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Tracks from Asleep In Transit’s EP can also be heard on the NBTMusicRadio during the 6 PM (Berlin Time) slot
Wide-awake in a starry sky: Asleep in Transit – Jackie Horner Pub, Helen Joseph Road, Glenwood, Durban. 08 September 2012
review: Helge Janssen
This five member band, formed as a duo almost two years ago, presented the Jackie Horner pub with an acoustic set as a threesome: singer/percussion Irena Buzdugan, acoustic guitarist Allister Christie, and bassist Joshua Woolf. Vlad Buzdugan (synthesizer) and Chris McNabb (drums) were otherwise engaged.
Like the proverbial live-wire, Irina Buzdugan’s beautiful voice weaves its way around the acoustic and bass guitars, slithers through the notes sparking their intention, explores range and depth, tempo and space, stretches, evolves – holds time itself -with an ease of expression that belies its depth of persuasion. As such, Irina locates the melody outside of and between the driving rhythms with intuitive jazzy-verve. This creates space for melodic invention that is the casting point of strength of this band. With charisma to match, her exotic beauty is alluring and mesmerising, while the two guitarists wouldn’t be out of place in a vogue photographic shoot either! Allister has a natural alto voice that entwines Irina’s in an harmonic, shamanic echo-chorus – and at other times he leads – that is as pleasing as it is surprising. With his acoustic guitar, at times banjo-like, sometimes upbeat in a blue-grass kind of way, Allister forms and informs the essential fulcrum through which the performers anchor their focus while allowing space for each musician to explore their potential unhindered.
Joshua is reinventing the bass guitar: at times driving the songs rhythm, at others leading with an electric guitar-like riff, or happy to simply accentuate and prolong the dramatic use of a deep and warm bass reverb in sudden contrast to the dancing higher notes, he is always inventive. And yet, these bass guitar melodies do exactly what a bass guitar is meant to do: heighten the countering rhythm, and add depth to instrument structure.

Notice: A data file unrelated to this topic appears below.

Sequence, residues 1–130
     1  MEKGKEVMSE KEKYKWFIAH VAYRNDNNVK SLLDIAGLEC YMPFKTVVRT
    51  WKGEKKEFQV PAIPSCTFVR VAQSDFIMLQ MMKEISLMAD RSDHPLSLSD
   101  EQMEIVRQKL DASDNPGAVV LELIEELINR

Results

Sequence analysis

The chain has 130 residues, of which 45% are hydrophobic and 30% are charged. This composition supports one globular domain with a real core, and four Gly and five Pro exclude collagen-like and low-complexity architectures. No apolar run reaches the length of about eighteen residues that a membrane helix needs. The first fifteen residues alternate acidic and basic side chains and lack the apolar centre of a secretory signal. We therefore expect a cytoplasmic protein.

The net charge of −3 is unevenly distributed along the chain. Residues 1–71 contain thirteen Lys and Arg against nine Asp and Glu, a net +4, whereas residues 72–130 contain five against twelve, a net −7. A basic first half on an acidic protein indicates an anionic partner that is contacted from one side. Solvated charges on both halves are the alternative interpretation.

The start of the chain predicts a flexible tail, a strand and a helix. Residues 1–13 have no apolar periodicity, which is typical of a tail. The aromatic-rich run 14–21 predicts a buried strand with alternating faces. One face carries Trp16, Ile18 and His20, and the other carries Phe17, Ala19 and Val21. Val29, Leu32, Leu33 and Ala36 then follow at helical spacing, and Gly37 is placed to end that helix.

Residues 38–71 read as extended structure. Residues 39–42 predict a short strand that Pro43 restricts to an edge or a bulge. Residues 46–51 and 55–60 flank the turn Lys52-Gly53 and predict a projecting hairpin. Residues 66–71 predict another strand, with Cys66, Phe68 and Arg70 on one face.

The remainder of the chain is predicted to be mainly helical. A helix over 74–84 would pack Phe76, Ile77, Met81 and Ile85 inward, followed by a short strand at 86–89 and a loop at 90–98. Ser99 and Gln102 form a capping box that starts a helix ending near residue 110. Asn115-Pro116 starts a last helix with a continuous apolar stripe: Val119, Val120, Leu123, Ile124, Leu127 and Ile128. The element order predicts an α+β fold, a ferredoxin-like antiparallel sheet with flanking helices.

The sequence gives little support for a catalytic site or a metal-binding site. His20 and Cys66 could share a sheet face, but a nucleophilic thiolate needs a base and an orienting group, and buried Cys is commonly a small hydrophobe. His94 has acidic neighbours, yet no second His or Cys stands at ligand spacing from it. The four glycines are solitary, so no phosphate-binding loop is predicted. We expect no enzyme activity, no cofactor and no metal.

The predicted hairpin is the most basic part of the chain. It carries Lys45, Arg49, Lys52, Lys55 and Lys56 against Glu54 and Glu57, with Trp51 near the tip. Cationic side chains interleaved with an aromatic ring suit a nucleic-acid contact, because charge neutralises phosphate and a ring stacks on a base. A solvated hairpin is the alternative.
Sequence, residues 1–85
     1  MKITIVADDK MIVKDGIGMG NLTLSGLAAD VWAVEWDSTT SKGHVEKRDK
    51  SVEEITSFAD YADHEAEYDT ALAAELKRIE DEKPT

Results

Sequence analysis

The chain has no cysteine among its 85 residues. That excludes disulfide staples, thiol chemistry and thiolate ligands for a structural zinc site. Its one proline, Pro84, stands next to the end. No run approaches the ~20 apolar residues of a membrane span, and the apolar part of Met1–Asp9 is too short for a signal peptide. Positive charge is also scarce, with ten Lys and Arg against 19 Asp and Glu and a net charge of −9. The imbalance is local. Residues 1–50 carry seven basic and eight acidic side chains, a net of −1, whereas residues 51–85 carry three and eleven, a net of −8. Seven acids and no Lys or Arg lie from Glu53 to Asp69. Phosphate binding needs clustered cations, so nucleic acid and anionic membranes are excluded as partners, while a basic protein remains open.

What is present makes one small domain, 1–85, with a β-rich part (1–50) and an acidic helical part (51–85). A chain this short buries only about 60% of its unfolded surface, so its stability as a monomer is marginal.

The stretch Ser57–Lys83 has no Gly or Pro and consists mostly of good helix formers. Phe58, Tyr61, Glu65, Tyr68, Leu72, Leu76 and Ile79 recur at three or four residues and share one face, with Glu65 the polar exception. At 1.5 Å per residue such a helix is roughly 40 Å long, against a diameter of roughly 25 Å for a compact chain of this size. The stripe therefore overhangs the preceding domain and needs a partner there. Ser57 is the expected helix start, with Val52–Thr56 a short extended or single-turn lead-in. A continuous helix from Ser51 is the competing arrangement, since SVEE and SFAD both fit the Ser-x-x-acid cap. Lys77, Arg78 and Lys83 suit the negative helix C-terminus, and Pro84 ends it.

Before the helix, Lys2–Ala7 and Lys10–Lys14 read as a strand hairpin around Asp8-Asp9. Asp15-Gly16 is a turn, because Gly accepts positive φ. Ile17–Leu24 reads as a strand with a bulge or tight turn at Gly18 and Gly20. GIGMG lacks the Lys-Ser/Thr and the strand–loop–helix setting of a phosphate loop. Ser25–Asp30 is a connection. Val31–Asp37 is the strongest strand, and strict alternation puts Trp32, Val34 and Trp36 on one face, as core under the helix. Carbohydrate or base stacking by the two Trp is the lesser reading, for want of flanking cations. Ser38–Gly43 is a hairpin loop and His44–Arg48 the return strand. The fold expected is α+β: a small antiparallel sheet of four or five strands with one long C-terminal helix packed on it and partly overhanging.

Of particular note too is the arrangement of the songs. These have well thought out deceptively simple layers of melodies that dance around the primary rhythms sustaining aural intrigue progressively adding depth and range to the dramatic context. These performers are not afraid to play with time, have an equable performance style which belies the poignancy in their message. The songs are thought provoking, memorable and accessible. I had a strong sense of lateral thinking infusing their creative processes. This allows for maximum individual input within an infrastructure of mutual respect. Listen to “Brother, Sister” or “What a mess we must appear” which are both melancholic AND upbeat and will have you smiling!
What a Mess We Must Appear:
“Why’d you burn all the buildings?
I just don’t get it.
Why can’t you tell your smoke from fire?
I heard I’m dying tonight
and I think I just found out why..”
This rich tapestry with its counter-point surprises forms the essential drive and interest that becomes the expansive whole of ‘Asleep in Transit’. As such they have produced a unique alternative Durban sound. From this showing this band could neatly slot into the international circuit and they definitely have what it takes to rise to the top.
They might be ‘asleep in transit’ but they are very much wide-awake in transmission!
WHAT a boon! You can download their debut album FREE here: http://soundcloud.com/asleep-in-transit/sets/asleep-in-transit-ep
web site: http://www.asleepintransit.com
Durban is exploding with musical talent!